For those familiar with Roky Erickson as the inimitable voice of psychedelic-rock pioneers the 13th Floor Elevators and a fantastically weird but wonderful solo artist through the '70s and into the early '80s, the initial impulse is to be overjoyed that this album even exists--it's his real attempt at new music since "All That May Do My Rhyme" in 1995, though some would say he really stopped creating in the mid-'80s. Second in infamy only to Pink Floyd founder Syd Barrett as one of rock's saddest examples of a mental breakdown, Erickson spent nearly 20 years living in seclusion and poverty, battling schizophrenia and numerous other problems even as countless musicians continued to cite him as a towering inspiration.
Lovingly nursed back to health by his younger brother Sumner, Roky returned to live performance early in the new millennium, tentative at first, but gaining confidence with every show he did. Now comes his return to the recording studio, overseen with obvious devotion by Will Sheff of the Texas roots-rock band Okkervil River.
The emphasis here is on the more quiet and introspective Erickson--a strain of pretty if sometimes strange balladry that's run throughout his career--with the focus on his acoustic guitar and a voice that remains impressively vibrant, still evoking a mix of Buddy Holly and James Brown, as has often been said. In songs such as "Please Judge," "Bring Back the Past" and "Be and Bring Me Home," some actually years old, the artist longs for peace, but you can still sense the demons scratching at his door.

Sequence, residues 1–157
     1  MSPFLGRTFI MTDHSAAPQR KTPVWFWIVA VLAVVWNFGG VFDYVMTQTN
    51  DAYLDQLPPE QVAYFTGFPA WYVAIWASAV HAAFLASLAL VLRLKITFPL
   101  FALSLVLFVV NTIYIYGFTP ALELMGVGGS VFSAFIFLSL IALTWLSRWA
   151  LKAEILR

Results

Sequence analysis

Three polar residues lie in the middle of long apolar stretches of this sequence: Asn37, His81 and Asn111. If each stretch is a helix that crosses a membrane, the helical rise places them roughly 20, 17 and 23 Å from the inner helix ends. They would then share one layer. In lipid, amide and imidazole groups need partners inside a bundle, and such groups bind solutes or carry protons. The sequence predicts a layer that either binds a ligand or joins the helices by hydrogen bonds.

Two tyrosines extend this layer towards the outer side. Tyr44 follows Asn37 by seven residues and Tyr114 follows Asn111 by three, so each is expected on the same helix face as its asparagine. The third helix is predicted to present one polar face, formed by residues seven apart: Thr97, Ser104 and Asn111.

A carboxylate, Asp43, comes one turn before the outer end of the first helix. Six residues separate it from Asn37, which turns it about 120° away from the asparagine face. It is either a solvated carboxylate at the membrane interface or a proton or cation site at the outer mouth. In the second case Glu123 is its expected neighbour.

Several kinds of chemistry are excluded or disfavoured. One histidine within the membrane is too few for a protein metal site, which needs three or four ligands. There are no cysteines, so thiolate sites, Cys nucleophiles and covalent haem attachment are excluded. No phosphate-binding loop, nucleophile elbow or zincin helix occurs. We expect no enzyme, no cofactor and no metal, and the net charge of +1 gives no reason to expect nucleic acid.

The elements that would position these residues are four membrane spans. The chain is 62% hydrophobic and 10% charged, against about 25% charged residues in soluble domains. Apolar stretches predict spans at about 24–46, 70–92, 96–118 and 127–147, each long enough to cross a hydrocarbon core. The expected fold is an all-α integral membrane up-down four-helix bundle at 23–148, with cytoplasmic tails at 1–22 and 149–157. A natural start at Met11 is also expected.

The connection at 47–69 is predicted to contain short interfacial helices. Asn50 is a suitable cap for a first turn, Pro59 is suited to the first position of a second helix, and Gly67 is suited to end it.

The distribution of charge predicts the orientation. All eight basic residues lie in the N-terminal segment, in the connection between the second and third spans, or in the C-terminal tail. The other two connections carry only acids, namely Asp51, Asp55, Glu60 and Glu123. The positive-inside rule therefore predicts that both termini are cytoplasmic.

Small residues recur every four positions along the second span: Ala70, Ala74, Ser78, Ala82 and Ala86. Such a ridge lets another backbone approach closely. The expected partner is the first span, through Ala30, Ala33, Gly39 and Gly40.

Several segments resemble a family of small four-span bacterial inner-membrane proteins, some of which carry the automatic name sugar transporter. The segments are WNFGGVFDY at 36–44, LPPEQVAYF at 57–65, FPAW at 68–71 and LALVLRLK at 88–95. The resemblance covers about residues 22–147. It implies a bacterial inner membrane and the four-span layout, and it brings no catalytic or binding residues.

It's disappointing the monsters don't get to growl a bit more: Sheff hardly is Erickson's ideal collaborator; a much better choice would have been Billy Gibbons of ZZ Top, who'd talked about wanting to repay a lifelong inspiration. Still, there are more than enough moments of gentle beauty to reward fans, even if new initiates would be much better off starting with one of several strong career retrospectives.